There was activity in the air this morning the first twinge of Fall the temperature was in the low 40's and the sun was shining. We picked up the Katy Trail and started our walk along the Missouri River. We passed two very long and old three-story red brick buildings. On the ends of each building were the words "Steel Shop No. 1" and "Steel Shop No. 2" and railroad tracks led out of each one. As I studied the structures, I assumed they were used in the fabrication of some kind of rolled steel product and used overhead cranes to move whatever was being built. On our return trip later that day, we walked past the front of the buildings and I saw the name ACF Industries. Then, I knew how these buildings were used and why the railroad tracks were in them. ACF stands for American Coach Foundries; which built and customized railroad cars for the J. P. Morgan's, Jay Gould's of the world, as well as the Pullman sleeper-car. The plant has limited utilization today and they are converting part of the premises into the Foundry Arts and Culture Center, to open sometime in 2004.
About two miles down the trail, we stopped at a bronze Lewis and Clark statue on the waterfront. This is a magnificent piece of work atop a raised circular walkway and garden. The landscaping is still in its early stages but commemorative bricks are planned for the path with the contributor's name on them. At this point, we turned and headed back up Main Street as the Saturday visitors crowded the streets, peeking into the small shops.
In the next block, we spied The Visitor's Center, which is always a worthwhile stop. As we entered, an elderly gentleman who was tall, gray, with a thin gray mustache and wearing a shirt of the Lewis and Clark era greeted us. He said he had just returned from a lecture, and did we need help? We told him we were interested in any literature telling about the history of St. Charles and Main St. His eyes lighted up and he said, "You have asked the right person because I was the history professor at the local college, and I have written a book on the area. It just so happens, that I have the book here."
We spent an hour with Dan Rothwell as he described the area and pointed out things in his book, _Along The Boone's Lick Road_ " Missouri's Contribution to Our First Transcontinental Route- U.S. Highway 40". He is a storyteller; someone you could sit and listen to for hours. I asked him about the title of the book and here is a snip of what he told me.
Daniel Boone, and his extended family came to this area in 1799 at the invitation of the Spanish, to help settle the Spanish Territory known as the Upper Louisiana. The Boone name was well known in that time, as they say, "a legend in his own time". So, with the Boones settling in the area, the thought was that they would bring more settlers.
Daniel had two sons, Nathan and Daniel Morgan, who had scouted the area a few years earlier. Nathan found a saline spring close to the River. In those days, salt was almost as precious as gold. They boiled the water to evaporate it, leaving the salt residue, and then sold a bushel of salt for $2. Salt was used as a preservative for their meats as well as flavoring. The rocks and ground around the spring had salt deposits on them, which the animals would come and lick. So, the spring became known as Boone's Lick.
A trail led from the spring to the west, toward the Boone settlement, which later became known, as Boone's Lick Trail. Later, as time passed and the migration to the west began, the Boone's Lick Trail became the starting point for the Santa Fe, California, and Oregon Trails.
I find it interesting how most of our roadways began as animal and Indian trails. Later the pioneers would chip off tree bark along the trail, this became known as a "Trace". A "Trace" would only accommodate people on foot or horseback. A "Trace" became a "Road" once wagons or stagecoaches could travel them. The same with Boone's Lick Trail it was a way back home, later evolved to a Trace, then a Road, then became a segment of U.S. Hwy 40 which became a segment of the first transcontinental route across the U.S, which later became part of today's Interstate 70.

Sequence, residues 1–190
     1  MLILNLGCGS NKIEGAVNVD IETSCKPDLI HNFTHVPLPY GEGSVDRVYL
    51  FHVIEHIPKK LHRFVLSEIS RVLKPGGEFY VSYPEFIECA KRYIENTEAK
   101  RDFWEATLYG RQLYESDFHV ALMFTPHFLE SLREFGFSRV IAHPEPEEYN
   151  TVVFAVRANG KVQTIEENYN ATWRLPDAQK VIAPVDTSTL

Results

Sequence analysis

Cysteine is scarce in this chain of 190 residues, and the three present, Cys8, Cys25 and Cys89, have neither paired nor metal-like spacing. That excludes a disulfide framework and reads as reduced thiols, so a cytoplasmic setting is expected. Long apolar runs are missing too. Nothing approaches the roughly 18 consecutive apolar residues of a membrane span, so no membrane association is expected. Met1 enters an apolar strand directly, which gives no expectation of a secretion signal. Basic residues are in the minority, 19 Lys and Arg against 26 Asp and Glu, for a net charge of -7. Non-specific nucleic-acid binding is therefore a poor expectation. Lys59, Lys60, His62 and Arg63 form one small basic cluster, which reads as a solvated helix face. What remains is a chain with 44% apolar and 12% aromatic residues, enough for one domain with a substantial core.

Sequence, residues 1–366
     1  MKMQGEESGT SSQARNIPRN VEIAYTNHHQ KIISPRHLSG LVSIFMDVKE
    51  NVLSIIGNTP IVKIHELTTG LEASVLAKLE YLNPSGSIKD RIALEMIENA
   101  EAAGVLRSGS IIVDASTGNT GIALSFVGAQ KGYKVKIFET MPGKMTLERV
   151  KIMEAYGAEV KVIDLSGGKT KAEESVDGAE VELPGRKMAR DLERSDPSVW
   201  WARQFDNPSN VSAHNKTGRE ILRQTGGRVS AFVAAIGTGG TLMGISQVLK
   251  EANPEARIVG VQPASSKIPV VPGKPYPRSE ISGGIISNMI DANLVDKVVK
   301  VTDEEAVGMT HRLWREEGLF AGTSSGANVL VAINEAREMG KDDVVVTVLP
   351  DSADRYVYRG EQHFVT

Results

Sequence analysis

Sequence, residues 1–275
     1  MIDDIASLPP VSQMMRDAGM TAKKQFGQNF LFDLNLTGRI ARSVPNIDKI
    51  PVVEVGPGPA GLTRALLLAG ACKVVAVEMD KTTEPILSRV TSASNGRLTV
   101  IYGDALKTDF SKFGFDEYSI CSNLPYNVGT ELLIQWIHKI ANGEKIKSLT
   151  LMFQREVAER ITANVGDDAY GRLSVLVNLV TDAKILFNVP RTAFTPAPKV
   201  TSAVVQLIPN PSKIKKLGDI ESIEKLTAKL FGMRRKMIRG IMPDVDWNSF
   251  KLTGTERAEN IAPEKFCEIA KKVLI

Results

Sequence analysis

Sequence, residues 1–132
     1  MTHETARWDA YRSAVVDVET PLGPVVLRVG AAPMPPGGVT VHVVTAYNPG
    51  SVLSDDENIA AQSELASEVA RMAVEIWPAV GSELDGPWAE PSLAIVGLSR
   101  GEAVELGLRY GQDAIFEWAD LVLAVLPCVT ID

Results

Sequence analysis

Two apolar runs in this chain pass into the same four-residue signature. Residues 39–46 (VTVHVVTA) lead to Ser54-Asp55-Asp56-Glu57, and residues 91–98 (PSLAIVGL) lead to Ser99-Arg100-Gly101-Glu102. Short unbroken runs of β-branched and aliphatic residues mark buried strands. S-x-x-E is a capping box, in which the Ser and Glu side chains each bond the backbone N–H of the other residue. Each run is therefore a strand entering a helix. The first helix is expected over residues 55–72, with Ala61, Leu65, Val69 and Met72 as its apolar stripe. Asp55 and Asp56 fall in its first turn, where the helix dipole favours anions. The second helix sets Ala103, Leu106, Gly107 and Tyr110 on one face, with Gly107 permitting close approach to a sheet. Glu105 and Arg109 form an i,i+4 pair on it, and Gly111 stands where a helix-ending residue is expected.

We returned to the motor home after spending most of the day walking and visiting. Peg carries a pedometer for measuring her footsteps and we had over 10,500, which was about 4 to 5 miles. Figured I had made up for the last 3 to 4 days of limited walking.
Sunday, September 21, 2003
We awoke this morning with rain peppering down, and chose to have an easy morning doing laundry plus a few other chores. Later in the afternoon as the skies cleared, we decided to tour the new Lewis and Clark Museum down by the River.
The Museum had exhibits and dioramas of the Corp of Discovery's 8000-mile expedition into the new Louisiana Purchase. The Museum is located on the banks of the Missouri, fairly close to the spot where Clark camped waiting for Lewis to join him. They departed St. Charles on May 21,1804 for uncharted territory.
The Museum also had many pictures of the Discovery Expedition of St. Charles, which was a reenactment of the Lewis and Clark Expedition. Volunteers built keelboat replicas, dressed in period attire and traveled the route of the Expedition to the Pacific Ocean starting in August 2001.
Leaving the museum, we had a beautiful drive out Hwy 94 toward Augusta, MO, and an area known for its wineries. Carol R, who receives our Travelogues, had suggested the drive and we are so pleased we took it. We followed Hwy 94 into the countryside of rolling hills and turned onto County Road F to Boone's Home. This is the farm and home of Daniel Boone and his extended family. Daniel lived here from the time he was 65 until his death, at the age of 85. The old three-story home site is an exhibit along with other buildings of the period moved onto the grounds, and available for touring. It was a wonderful afternoon of browsing in a very quiet and peaceful little valley.
Leaving Boone's Home we followed the back roads into small, quaint and picturesque Augusta. Located high on the hillside the narrow entry road into town went between rows of grape arbors. As we drove through town, the road dropped down the side of the hill into the River valley. There, once again, we came across the Katy Trail, loaded with Sunday bikers. This little town is off the "beaten path" but a winery and bed and breakfast haven.
We were following Hwy 94 back toward St. Charles when we came to a little twist in the road and the hamlet named, Defiance. There was literally an "S" turn in the road, with a tavern on both sides of the "S" and parked in a line were all these beautiful Harley's. It looked like a major "Hog Rally". I looked for my niece, Gail and her husband, Ed or Tom Dorsey, as I slowly passed through the throng of bikers. It appeared that all were enjoying the afternoon ride and camaraderie.
I am currently reading Stephen Ambrose's, Undaunted Courage about the Lewis
and Clark Expedition. Some have said, for its time, the Corp of Discovery was
considered to be the modern equivalent of man landing on the moon. After visiting
the St, Charles area and its preparation for the 200th anniversary next year,
we have touched a piece of history and walked back in time.
Bob & Peggy Woodall